Alumni profile: Dashiell Young-Saver, S.M. '21
Making statistics more accessible for thousands of high school students
Dashiell Young-Saver’s students were bored. He was trying to teach a lesson from the AP Statistics textbook at his high school in San Antonio, but the material was too irrelevant to the students’ lives. So, Young-Saver asked them a seemingly simple question: what did they want to learn about?
“If you’re working a job outside of school or have very adult problems on your shoulders, the contrived stuff from a textbook is just maddening and infantilizing and certainly not compelling,” said Young-Saver, S.M. '21. “They told me they wanted to learn about gerrymandering, food deserts, online dating, and sports -- things that are more or less serious, but actually truly relevant to them.”
That experience led to a realization that by changing his lessons, Young-Saver could make statistics accessible for his students, many of whom came from underserved communities and low-income backgrounds. This strategy presented a way to “Skew the Script,” a slogan he keeps displayed in his classroom.
“The first year I did that curriculum shift, we had more students take and pass the AP Statistics exam than in the previous 16 years combined,” Young-Saver said. “And more than the quantitative results, I noticed my students were more engaged and able to think critically as citizens when statistics were presented to them. When they tried to decipher data about the world, they’d be able to break it down in a nonpartisan way and figure out what’s going on.”
Young-Saver turned that slogan and strategy into a website in June 2020, just a few months before beginning his master’s degree in data science at the Harvard John A. Paulson School of Engineering and Applied Sciences (SEAS). Within a week, 3,000 teachers had signed up. Three years later, “Skew the Script” has turned into a full-fledged nonprofit organization, with 20,000 teachers and 400,000 students using its math lessons.
“There was a real pent-up demand for actually compelling math lessons with real-world context,” Young-Saver said. “What surprised me is that it wasn’t just students from low-income backgrounds. It was compelling for students from all backgrounds, and the teachers teaching students from all backgrounds. The dual mission of the site is to better engage students from underserved backgrounds in math, and to take students from all backgrounds and develop their ability to think critically as citizens.”
Young-Saver first came to Harvard as an undergraduate from Thousand Oaks, Calif. He studied English and statistics and spent the summer before his junior year as a newsroom intern for the Los Angeles Times. He covered several education stories in L.A. and returned to campus wanting to be an educator himself.
“If you go to summer camps for different schools, the east side of the city versus the west side, Beverly Hills vs. Compton, across different corners and zip codes of Los Angeles, you see very tangible differences in the resources kids are afforded,” Young-Saver said. “I wanted to do something about it. At the same time, I’d gotten more interested intellectually in statistics. If there’s a subject that lets you talk about evidence and policy change at a systems level, it’s statistics and data.”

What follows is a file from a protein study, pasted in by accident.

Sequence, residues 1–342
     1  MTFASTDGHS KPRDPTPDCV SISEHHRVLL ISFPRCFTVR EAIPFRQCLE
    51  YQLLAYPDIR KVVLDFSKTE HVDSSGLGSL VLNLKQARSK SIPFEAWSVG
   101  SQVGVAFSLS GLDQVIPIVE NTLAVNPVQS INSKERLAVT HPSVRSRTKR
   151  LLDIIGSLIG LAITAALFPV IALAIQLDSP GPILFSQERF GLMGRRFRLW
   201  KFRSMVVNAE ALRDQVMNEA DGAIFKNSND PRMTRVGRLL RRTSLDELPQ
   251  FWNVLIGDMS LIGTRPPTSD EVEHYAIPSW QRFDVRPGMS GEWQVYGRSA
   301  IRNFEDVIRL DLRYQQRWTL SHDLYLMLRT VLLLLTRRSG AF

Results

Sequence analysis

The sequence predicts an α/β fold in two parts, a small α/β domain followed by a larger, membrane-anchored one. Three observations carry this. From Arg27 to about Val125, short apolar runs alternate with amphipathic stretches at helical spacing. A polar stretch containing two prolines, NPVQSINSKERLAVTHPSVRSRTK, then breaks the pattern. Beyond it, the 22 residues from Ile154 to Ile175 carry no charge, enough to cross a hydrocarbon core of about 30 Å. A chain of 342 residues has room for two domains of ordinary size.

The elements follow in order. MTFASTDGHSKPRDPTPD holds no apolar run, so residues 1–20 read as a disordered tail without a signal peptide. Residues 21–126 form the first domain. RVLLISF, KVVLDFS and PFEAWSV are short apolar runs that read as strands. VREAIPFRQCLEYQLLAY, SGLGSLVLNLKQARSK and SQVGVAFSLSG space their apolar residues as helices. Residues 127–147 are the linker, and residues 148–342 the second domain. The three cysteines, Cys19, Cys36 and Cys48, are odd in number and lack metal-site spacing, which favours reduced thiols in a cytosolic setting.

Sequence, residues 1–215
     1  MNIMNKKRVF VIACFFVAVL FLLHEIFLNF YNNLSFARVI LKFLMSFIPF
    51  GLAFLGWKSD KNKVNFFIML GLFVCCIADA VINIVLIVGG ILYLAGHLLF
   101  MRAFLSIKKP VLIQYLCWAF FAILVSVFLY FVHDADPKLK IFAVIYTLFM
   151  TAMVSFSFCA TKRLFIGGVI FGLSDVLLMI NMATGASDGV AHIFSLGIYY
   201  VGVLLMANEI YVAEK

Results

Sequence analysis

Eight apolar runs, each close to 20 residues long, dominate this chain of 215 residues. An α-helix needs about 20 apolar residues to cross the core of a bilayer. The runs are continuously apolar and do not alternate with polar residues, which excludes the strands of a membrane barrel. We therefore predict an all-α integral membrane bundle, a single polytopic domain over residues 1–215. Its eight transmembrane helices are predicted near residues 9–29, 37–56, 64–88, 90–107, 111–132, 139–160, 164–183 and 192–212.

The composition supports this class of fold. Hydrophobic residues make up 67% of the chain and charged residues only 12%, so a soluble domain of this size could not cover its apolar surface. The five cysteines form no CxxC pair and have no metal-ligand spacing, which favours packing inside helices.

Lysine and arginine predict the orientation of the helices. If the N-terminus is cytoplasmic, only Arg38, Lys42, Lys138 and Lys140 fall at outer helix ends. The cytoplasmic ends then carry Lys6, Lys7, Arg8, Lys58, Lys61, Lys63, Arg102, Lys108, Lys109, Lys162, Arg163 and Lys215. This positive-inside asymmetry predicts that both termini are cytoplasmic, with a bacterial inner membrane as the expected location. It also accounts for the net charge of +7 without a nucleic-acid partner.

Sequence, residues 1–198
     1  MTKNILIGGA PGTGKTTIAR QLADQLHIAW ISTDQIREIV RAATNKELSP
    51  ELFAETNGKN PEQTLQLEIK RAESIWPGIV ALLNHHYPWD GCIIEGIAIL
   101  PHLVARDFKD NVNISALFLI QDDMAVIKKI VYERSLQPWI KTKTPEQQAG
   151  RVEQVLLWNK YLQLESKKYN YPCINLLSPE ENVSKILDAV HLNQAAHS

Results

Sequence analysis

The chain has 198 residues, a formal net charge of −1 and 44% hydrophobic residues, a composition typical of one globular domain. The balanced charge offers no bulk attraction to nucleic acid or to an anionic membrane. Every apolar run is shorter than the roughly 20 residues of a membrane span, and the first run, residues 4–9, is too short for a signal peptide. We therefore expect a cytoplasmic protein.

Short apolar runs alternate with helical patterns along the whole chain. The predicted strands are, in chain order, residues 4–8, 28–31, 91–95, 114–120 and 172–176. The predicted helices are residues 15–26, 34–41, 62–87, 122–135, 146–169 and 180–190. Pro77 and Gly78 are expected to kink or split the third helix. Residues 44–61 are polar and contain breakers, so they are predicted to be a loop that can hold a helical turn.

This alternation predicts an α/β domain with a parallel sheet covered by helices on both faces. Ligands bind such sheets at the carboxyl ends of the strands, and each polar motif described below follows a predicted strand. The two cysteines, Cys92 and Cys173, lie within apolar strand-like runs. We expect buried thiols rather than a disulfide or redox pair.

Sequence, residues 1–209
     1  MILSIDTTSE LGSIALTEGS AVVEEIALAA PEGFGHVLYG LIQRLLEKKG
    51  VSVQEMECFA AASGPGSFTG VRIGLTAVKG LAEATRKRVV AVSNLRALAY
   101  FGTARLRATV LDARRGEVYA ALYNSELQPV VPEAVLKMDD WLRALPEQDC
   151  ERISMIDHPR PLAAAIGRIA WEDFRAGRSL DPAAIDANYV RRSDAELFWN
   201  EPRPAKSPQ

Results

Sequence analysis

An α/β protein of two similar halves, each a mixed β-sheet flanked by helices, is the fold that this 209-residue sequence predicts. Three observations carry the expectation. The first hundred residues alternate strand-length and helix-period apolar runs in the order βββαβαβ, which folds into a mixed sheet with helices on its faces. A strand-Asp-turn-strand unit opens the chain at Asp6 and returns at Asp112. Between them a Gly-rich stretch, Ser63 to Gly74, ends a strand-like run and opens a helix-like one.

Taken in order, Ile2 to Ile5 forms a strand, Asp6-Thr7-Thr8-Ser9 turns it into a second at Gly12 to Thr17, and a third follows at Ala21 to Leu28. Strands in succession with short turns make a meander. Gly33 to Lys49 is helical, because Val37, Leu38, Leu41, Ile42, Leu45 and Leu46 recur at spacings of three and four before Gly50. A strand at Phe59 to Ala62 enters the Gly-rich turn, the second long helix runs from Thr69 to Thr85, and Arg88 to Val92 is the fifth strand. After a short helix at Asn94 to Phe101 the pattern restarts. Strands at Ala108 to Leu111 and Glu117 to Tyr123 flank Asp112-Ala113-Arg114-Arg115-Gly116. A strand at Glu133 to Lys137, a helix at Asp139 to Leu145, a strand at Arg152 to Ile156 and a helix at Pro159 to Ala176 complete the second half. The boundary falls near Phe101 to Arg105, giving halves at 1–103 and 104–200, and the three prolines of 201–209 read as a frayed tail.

Wanting a way to combine his two passions, Young-Saver worked as a summer data intern in the District of Columbia Public Schools system. He got the opportunity through the Harvard Kennedy School Public Service Fellowship, and his projects included using enrollment data to recommend better education policy for D.C. public schools.
Young-Saver came away from that internship with a bird’s eye view of education policy, but he wanted to balance that with a more ground-level experience. After completing his undergraduate degree, he joined Teach for America and began working in San Antonio. He then ran Skew the Script throughout his three semesters in the data science masters program at SEAS.
“A lot of those students have gone on to become data science majors in college,” he said. “We have AP statistics and algebra lessons, but we’re building precalculus materials, and eventually we want to move into geometry and middle-school math. We want to create this pathway to relevant math lessons for students of various secondary grade levels.”
SEAS provided a much deeper understanding of statistics and data science, and some of Young-Saver’s coursework directly related to education and Skew the Script. In one data visualization course, he studied how algorithms used by the International Baccalaureate Diploma Programme during the pandemic might be biased against low-income students, while in another course he used machine learning to help predict the locations of lead pipes in cities. That lead pipe data turned into a lesson available on Skew the Script.
“I really enjoyed that the masters let me take classes in multiple departments,” he said. “I walked away from my time at SEAS with new techniques for analyzing education policy data, new examples for the Skew The Script curriculum, and with a host of ideas for modernizing outdated math and statistics curricula in high schools.”
Young-Saver now splits his time between the organization and teaching AP Statistics at the IDEA South Flores charter school. Young-Saver wants to make math accessible for as many students as he can, but never at the expense of the individual student-teacher relationships that fuel him.
“Skew the Script is becoming more and more my main thing, but I always want to be in the classroom,” he said. “I’m addicted to it.”
Matt Goisman | email@example.com